Colorado school accreditation and School Performance Framework reports released Friday show mixed results at Montezuma-Cortez School District RE-1.
The Colorado Department of Education evaluates schools and school districts annually based on achievement and growth on state tests – with high schools also evaluated on graduation rate, dropout rates and matriculation – and rated, from top to bottom, as Performance Plan, Improvement Plan, Priority Improvement Plan and Turnaround Plan.
If a school or district is on a Priority Improvement or Turnaround plan, an “accountability clock” begins. If the school or district is on the clock for more than five years, it receives specific direction from the state on how to improve.
The RE-1 school district as a whole is accredited in 2018 and placed on a Priority Improvement Plan, a drop from the Improvement Plan rating from 2017.
Montezuma-Cortez High School in 2018 joined 68 percent of Colorado schools in attaining the highest rating of Performance Plan for the first time. The high school has earned the Improvement Plan rating since at least 2010, but Superintendent Lori Haukeness said administrators and teachers have recently focused on decreasing the dropout rate and improving the graduation rate.
This year, 89.8 percent of students graduated, compared with 88.5 percent in 2017 and 80.7 percent in 2016.
“As you can see, it’s really increased drastically the graduation rate,” Haukeness said.
Manaugh Elementary School made progress in 2018 after being on the accountability clock for six years, and jumped two ratings, from Turnaround in 2017 to Improvement in 2018. The school made significant improvement in student growth, with 25 percent of points earned in growth in 2017 and 62.5 percent of points in growth in 2018.
Mesa Elementary School continues to struggle, however.
The school this year earned a Priority Improvement rating, marking the fifth year it failed to reach statewide standards. Haukeness said Mesa Elementary now has one more round of testing, in spring, to show improvement. If the school stays on Priority Improvement or Turnaround, the accountability clock will begin next year. In both 2017 and 2018, students at Mesa Elementary scored in the 27th percentile in math.
“I know the administrators and teachers are working very hard to raise that, so we’re anticipating them getting off the clock next year,” Haukeness said.
The RE-1 district rating includes scores at 10 schools, including two charter schools and one alternative education campus. Of the seven district schools, none decreased in the ratings this year. Kemper Elementary, Lewis-Arriola Elementary, Mesa Elementary and Montezuma-Cortez Middle School maintained the same rating, while Manaugh Elementary and Montezuma-Cortez High School improved. There are not enough students at Pleasant View Elementary for reliable results.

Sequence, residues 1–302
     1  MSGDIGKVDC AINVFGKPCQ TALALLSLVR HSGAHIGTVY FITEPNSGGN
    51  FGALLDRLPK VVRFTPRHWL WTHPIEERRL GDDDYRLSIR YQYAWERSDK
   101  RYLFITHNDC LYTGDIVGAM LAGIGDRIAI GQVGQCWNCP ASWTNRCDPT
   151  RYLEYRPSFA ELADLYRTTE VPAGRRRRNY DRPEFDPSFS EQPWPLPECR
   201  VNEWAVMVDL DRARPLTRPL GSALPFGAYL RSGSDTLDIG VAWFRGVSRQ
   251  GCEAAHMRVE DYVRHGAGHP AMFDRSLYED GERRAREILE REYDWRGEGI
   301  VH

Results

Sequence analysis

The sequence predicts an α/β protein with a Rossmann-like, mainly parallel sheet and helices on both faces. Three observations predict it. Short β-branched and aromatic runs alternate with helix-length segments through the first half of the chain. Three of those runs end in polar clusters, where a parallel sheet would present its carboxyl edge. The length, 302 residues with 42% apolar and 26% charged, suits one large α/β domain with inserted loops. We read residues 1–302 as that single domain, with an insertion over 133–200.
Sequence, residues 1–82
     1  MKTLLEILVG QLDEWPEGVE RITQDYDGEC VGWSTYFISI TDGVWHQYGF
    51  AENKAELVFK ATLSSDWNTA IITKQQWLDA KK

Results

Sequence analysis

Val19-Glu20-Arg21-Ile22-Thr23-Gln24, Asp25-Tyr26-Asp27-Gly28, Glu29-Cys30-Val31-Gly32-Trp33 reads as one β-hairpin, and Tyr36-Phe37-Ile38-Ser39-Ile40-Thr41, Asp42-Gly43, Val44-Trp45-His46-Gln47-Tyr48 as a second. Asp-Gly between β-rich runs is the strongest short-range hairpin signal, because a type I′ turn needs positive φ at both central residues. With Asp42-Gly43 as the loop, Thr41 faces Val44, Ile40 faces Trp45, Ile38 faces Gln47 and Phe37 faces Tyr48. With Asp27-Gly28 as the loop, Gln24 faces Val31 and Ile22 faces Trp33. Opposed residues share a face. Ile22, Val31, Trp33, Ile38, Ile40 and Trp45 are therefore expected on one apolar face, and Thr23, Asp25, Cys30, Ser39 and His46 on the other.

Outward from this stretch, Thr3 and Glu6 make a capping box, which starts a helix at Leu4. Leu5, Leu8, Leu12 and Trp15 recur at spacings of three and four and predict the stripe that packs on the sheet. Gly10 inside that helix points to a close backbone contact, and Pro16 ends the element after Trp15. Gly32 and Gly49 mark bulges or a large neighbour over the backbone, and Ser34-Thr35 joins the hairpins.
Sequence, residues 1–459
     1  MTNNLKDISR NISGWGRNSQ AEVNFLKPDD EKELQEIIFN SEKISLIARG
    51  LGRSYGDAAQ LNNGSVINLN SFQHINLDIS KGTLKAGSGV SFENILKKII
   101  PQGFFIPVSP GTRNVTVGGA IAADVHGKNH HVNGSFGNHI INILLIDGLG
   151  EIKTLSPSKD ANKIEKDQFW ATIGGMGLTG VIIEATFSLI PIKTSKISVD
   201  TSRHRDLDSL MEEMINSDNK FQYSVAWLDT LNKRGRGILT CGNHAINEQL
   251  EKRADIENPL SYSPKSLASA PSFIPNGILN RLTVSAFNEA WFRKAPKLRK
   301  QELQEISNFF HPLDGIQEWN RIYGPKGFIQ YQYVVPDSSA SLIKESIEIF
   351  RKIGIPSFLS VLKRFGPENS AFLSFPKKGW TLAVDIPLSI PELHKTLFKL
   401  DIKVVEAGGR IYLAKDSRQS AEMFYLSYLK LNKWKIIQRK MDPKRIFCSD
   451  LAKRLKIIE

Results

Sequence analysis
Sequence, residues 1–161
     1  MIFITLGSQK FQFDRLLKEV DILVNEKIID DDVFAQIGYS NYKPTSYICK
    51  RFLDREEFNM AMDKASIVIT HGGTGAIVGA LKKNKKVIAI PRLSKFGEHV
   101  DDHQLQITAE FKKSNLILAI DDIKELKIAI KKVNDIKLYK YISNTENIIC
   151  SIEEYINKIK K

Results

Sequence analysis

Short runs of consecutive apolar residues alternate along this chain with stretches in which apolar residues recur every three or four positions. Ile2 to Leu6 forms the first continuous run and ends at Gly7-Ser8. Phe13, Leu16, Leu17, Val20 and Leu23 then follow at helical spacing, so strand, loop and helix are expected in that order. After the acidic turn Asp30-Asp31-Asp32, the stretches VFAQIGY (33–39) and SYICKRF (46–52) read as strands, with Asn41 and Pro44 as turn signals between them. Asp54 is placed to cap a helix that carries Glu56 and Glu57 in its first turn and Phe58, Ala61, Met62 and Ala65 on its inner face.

Battle Rock Charter School improved from Turnaround in 2017 to Priority Improvement in 2018, and Children’s Kiva Montessori School dropped two ratings, from Performance Plan in 2017 to Priority Improvement in 2018. Southwest Open Charter School, an alternative education campus, went down a grade from Improvement in 2017 to Priority Improvement in 2018.
Haukeness said the inclusion of the Southwest Open Charter School results in the districtwide evaluation caused RE-1 to earn the Priority Improvement rating this year. As an alternative education campus, the school is evaluated on a different matrix than other schools, Haukeness said, and the school district can petition the state to omit those scores if the school earns an Improvement or Performance rating, but the school district was not able to omit the Southwest Open Charter School results this year.
“The district has improved in growth and achievement in language arts and math from last year so we are moving forward, but because of not being able to petition the state we stayed in priority improvement,” she said.
In the state of Colorado, parents can choose to opt their children out of state testing. That has at times produced strange results. In the 2016-2017 school year, three schools could not release any testing data because of low participation and two others had data, but less than 95 percent of students participated in the state test so a “Low participation” caveat was added.
Haukeness said the district was “on the clock” that year and a high number of students opted out. She said the lack of reliable data made it difficult to find areas that need improvement.
“It wasn’t an accurate reflection of the district or our community, quite frankly, because we didn’t have a majority of our students testing,” Haukeness said. “We went back and asked the parents if they would please have their students test.”
Only Battle Rock Charter School this year had low participation.
Haukeness said the school district plans to continue focused work at each school centered on improving language arts and math.